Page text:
Config Labs - The Basics

To help you navigate the 600 plus (and growing) blog posts at this site, the blog categorizes the content in two significant ways: Based on the outline of the Official CCNA Cert Guides and the type of content.

One type, Config Labs, each detail a self-contained CCNA lab exercise. All you have to do is find a Config Lab post that you like and then use the lab. You’ll see a logo like the one shown here at each post. Each post has these features:

    • One Lab Per Blog Post: Each Config Lab exists as a single post. The answers and related explanations sit behind buttons and accordions, hiding details to avoid spoiling the answers.
    • Configuration Focused: Most labs focus on configuration, with a topology and set of requirements. Your job: Add to the device configurations to meet the requirements.
    • Verification Skills: For each Config Lab, verify that you met the lab’s requirements. The lab post also emphasizes additional items to verify.
    • Configuration Solutions: The post includes the suggested solution.
    • Lab Commentary: Each lab includes a little text to anticipate common questions and further explain what should occur in the lab.
    • Scope:  By design, Config Labs focus on a small feature set with a small number of devices to configure.
    • Time: 10 minutes to understand the initial state of the lab, plus 10 minutes to configure the lab, on average – assuming you have already learned the fundamentals of the topic and are now practicing what you already learned.
    • Audience: Learners who have already read about the topic and are ready to practice.

Lab Tools: Packet Tracer, CML, or Pen/Paper

Most people implement the lab using Cisco Packet Tracer (CPT), beginning by opening the supplied .pkt file that shows the lab’s devices and topology. Once opened and started, you have a starting point that matches the initial configuration shown in the Config Lab post. Your workflow should run like this:

    • Read the lab post and understand the initial state
    • Download and open the supplied lab file for CPT
    • Review the lab again and plan your configuration
    • Implement the configuration in CPT
    • Verify that your configuration meets the design goals
    • Check your configuration versus the Lab Answer in the Config Lab post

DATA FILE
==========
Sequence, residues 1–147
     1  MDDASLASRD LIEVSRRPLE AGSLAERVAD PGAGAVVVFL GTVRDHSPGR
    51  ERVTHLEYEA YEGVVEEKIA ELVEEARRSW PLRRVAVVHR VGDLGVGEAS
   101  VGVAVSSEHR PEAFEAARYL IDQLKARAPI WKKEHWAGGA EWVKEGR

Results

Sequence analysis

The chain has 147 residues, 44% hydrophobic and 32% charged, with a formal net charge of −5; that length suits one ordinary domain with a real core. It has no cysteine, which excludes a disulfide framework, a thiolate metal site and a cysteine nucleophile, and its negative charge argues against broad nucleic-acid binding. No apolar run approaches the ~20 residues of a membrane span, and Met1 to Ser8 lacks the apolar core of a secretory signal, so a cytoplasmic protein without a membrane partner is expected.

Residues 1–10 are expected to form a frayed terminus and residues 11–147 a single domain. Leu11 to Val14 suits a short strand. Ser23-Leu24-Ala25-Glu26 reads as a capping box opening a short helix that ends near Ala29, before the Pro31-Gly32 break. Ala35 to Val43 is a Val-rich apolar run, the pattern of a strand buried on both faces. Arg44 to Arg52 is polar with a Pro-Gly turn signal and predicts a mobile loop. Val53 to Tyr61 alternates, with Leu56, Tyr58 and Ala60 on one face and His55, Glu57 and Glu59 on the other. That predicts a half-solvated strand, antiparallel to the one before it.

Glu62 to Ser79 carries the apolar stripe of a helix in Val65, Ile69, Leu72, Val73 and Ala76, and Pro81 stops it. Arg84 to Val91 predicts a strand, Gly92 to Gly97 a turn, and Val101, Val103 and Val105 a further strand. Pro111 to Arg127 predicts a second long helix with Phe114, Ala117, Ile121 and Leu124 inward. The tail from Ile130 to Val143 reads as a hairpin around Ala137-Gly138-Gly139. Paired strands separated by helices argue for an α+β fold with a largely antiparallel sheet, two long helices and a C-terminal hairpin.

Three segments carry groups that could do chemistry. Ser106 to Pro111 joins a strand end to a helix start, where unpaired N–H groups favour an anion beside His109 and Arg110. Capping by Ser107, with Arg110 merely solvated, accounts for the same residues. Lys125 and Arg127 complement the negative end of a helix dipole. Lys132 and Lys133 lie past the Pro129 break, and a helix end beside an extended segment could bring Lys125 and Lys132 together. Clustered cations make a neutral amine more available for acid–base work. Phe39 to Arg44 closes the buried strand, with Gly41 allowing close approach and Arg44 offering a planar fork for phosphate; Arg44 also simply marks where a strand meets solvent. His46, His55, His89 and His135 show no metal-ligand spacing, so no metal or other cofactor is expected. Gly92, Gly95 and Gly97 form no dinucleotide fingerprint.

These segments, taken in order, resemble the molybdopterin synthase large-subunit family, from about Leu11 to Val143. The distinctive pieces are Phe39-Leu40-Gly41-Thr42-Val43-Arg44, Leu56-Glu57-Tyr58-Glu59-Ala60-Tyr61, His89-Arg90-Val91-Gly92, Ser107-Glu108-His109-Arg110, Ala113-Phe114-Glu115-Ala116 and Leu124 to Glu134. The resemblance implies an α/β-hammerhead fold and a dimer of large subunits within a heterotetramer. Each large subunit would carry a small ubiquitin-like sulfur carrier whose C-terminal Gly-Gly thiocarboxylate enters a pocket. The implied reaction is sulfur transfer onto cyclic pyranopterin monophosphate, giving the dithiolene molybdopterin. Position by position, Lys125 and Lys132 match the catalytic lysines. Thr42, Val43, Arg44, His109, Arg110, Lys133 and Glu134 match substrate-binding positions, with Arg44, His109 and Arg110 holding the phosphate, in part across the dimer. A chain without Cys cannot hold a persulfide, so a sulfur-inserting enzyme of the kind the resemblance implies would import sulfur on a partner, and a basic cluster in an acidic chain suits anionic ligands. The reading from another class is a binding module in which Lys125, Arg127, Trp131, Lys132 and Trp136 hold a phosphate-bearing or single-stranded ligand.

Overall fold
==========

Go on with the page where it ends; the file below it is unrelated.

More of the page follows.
You can do these labs on paper as well. The original Config Lab posts required no lab tool, so everyone could do these labs. You can still do these labs on paper or using a text editor. Read the lab and record your configuration on paper or in any text editor. Then, check your answer versus the lab post. Simple enough.

Navigation to Config Labs Only

To find Config Labs, click the blog top menu “Lab” item to reveal a menu similar to the following figure. The choices in the Config Lab menus launch an advanced search page with a list of Config Labs. Your menu choices allow you to list all Config Labs related to either of the two CCNA Official Cert Guide Volumes, or all Config Labs in one Part of one of the books.

The next page displays an advanced search page with a list of Config Labs. You can just scroll down to look at the labs, pick one, and start using it! But if you want to search a little more, use the advanced search options at the top of the page. For instance, you can drill down further into the books’ organization to choose different parts, or to choose an individual chapter. (Each book is organized into parts, with each part containing about four chapters.) The following figure shows some of the expanded search options in the center of the figure, where you could choose a book part or a specific book chapter.

Packet Tracer Labs - 200-301 OCGs

Want more labs? Using my CCNA 200-301 books? Then check out the Free Play Labs for CCNA, also here at the blog. This other set of labs requires you to use the CCNA 200-301 Official Cert Guide books, while the Config Labs do not.

Free Play Labs for CCNA – The Official Cert Guide books have a large number of examples. Some students like to recreate the examples in a lab tool like Cisco Packet Tracer (CPT). To help, the blog has one post per book chapter. That post includes .pkt files for CPT for most examples, along with notes to help you to recreate the examples in CPT. These labs do not have specific goals or steps, or a set of requirements. Instead, you recreate a book example to create a familiar scenario, after which you can experiment (free play) with the commands and command options.

Config Labs – Self-contained lab exercise posts that list a topology, initial configuration, and requirements. Your job: determine the configuration to be added and then verify that your configuration meets the requirements.

Want to know more? Then check out the page about the Free Play Labs for CCNA.

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